Banks and other financial institutions form the least trusted sectors in the world, according to the 2013/14 Edelman Global Trust Survey.
This may be attributed partly to the financial crisis of 2008 that saw the collapse of Lehman Brothers in the United States and the near-collapse of many financial institutions around the world. As a result, many banking clients lost their assets, including their homes and had to start from scratch in rebuilding their lives.
Although the crisis did not hit as acutely close to home, it certainly affected public trust in the local banking sector.
Bank Windhoek (BW) executive officer for marketing and corporate communication services, Marlize Horn, told The Villager this week while she cannot speak on behalf of other banks, her organisation strongly believes in building trust.
“BW believes trust is earned and built on forging and maintaining good client relationships and providing the best possible services to each one of them. Transparency is also important in building trust beside continually assuring clients the bank has their best interests at heart,” she said.
Bankers Association of Namibia (BAN) in February 2013 launched the Code of Banking Practice, which BW fully subscribes to. It reflects the banking sector’s commitment to promote standards for sound and transparent banking practices and a big step towards the enhancement of consumer protection in Namibia.
“The Code helps clients to better understand their rights and responsibilities when dealing with banks”.
Asked whether BW is well-equipped to deal with any financial crisis similar to the 2008 one, Horn said Namibian banks are regulated by the Bank of Namibia (BoN) and are required to adhere to the rules, regulations and legal framework that govern banks, ensuring they behave responsibly and in the best interest of both parties.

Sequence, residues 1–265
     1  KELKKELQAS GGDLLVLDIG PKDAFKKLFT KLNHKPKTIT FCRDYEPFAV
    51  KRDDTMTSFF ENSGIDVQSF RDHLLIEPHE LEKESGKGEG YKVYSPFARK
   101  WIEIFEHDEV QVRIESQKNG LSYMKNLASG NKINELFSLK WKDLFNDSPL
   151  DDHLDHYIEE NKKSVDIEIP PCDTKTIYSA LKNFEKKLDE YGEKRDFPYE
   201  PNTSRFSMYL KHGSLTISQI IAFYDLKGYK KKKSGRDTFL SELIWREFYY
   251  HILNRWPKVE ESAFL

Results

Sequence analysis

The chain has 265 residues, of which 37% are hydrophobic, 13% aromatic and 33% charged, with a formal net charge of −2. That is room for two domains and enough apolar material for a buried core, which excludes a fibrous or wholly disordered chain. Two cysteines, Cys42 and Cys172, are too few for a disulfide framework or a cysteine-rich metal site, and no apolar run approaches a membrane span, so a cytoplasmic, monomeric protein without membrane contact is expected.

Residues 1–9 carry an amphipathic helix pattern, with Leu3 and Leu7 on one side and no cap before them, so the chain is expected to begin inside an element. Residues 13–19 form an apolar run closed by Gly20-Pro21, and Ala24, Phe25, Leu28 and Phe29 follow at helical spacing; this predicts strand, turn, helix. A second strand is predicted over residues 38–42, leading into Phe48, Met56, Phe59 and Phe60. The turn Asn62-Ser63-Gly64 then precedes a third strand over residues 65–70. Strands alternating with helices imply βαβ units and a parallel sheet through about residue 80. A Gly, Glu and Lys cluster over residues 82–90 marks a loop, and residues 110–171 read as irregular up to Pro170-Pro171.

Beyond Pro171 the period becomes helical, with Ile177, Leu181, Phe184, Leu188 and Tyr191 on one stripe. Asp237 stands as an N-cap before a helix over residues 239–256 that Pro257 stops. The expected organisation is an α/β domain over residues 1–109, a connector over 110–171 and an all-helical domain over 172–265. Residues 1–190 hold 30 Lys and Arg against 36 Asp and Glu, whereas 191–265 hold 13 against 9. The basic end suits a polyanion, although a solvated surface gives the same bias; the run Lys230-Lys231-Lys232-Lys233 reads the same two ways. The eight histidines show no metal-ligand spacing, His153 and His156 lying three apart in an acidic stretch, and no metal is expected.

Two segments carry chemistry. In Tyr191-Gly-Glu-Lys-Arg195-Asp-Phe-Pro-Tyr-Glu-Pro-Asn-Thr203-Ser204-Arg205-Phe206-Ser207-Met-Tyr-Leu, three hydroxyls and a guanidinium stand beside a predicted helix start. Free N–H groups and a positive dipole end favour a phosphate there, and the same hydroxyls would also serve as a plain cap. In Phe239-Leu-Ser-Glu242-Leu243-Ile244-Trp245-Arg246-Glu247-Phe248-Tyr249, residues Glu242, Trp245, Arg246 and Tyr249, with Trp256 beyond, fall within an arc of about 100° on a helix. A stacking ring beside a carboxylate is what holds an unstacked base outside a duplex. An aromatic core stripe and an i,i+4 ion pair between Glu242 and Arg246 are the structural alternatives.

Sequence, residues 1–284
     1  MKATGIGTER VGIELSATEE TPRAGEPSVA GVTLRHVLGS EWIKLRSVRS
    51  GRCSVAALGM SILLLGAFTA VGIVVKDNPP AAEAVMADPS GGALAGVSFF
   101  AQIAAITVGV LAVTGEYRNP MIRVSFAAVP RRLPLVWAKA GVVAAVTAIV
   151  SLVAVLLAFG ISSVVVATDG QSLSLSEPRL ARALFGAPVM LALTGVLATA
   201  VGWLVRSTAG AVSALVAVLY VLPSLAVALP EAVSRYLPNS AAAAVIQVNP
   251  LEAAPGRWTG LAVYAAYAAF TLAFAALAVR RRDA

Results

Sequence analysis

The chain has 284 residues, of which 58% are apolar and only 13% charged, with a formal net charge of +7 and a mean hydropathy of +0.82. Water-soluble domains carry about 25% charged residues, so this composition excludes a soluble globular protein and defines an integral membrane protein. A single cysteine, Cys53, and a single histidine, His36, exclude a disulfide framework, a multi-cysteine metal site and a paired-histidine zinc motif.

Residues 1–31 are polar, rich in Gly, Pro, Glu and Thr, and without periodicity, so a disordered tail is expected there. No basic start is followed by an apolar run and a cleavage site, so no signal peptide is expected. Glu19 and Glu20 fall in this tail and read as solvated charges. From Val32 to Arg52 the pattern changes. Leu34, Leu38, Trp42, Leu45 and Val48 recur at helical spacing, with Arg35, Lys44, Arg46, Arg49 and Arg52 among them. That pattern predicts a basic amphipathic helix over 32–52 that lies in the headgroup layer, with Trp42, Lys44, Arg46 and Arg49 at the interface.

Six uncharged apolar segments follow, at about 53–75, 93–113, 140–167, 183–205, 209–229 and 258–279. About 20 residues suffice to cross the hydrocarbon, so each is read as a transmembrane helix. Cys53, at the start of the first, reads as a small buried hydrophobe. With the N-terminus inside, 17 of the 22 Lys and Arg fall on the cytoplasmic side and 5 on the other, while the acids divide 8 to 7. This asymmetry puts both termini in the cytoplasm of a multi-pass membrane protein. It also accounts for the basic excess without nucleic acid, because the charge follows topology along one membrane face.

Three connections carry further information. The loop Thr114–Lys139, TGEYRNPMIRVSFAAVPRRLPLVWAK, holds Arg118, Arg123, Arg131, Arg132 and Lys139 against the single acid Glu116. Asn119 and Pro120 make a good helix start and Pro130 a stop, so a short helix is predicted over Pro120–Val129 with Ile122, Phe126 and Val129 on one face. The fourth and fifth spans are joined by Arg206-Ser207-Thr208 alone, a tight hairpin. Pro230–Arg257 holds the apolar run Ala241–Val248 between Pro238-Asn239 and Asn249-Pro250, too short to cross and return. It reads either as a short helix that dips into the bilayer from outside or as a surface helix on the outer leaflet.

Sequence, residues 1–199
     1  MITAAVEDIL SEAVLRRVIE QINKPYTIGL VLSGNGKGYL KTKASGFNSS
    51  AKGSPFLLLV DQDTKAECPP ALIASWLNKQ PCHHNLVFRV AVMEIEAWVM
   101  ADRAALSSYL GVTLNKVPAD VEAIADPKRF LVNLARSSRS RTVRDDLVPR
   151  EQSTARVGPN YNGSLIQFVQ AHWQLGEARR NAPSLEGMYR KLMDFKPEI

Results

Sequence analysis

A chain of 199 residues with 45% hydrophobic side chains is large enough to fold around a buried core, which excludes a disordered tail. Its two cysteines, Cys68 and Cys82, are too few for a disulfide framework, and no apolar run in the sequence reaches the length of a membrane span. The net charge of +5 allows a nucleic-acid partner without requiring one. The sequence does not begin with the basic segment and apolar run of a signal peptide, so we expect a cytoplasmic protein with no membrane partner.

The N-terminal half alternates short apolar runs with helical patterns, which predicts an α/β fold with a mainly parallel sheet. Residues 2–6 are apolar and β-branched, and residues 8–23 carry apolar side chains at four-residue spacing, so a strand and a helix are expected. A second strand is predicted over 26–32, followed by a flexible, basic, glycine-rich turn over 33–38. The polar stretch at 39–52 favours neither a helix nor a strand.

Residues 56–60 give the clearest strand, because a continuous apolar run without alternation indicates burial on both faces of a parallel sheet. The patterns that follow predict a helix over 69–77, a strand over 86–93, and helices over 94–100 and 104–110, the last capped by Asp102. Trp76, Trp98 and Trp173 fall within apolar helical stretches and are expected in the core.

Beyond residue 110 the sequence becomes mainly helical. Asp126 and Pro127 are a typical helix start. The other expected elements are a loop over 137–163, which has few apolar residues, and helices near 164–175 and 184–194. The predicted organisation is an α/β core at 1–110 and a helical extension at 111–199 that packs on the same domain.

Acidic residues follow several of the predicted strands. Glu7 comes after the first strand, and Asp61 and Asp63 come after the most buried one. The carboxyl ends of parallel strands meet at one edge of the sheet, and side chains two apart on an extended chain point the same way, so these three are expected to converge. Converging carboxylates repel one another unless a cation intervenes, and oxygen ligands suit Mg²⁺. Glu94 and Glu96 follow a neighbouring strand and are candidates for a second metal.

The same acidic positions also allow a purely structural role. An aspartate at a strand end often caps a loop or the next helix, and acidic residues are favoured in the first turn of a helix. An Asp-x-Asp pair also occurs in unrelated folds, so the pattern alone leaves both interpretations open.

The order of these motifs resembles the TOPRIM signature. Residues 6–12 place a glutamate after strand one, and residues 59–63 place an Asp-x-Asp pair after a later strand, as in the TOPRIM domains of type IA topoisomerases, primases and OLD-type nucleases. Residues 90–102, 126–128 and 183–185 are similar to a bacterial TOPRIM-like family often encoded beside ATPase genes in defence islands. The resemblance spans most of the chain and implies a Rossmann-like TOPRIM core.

“Subscribing to the central bank’s requirements as well as our bank’s own prudent and responsible credit-lending principles, for instance, ensures clients do not take out a home loan or vehicle finance they cannot afford”.
And what if such a crisis were to hit BW, would clients be compensated? This reporter asked.
“Namibia is privileged to have a stable, well-governed and regulated banking sector with banks that are stable, profitable and well-capitalised, which act responsibly and with the clients’ interests at heart,” Horn replied.
BW head of risk management, Andre Smit, said the bank’s staff is guided by a Service Charter, which sets out the minimum standards of service delivery that their clients have a right to. It also informs clients of the processes to follow when they need to lodge a complaint on the bank’s service delivery.
“At Bank Windhoek, our commitment to corporate governance and accountability is evident in our actions and our promise to our clients and stakeholders. Integrity was one of the foundations that Bank Windhoek was established and built on 32 years ago and we pledge to continue to live up to this principle for the benefit of our employees, clients and shareholders,” Smit said.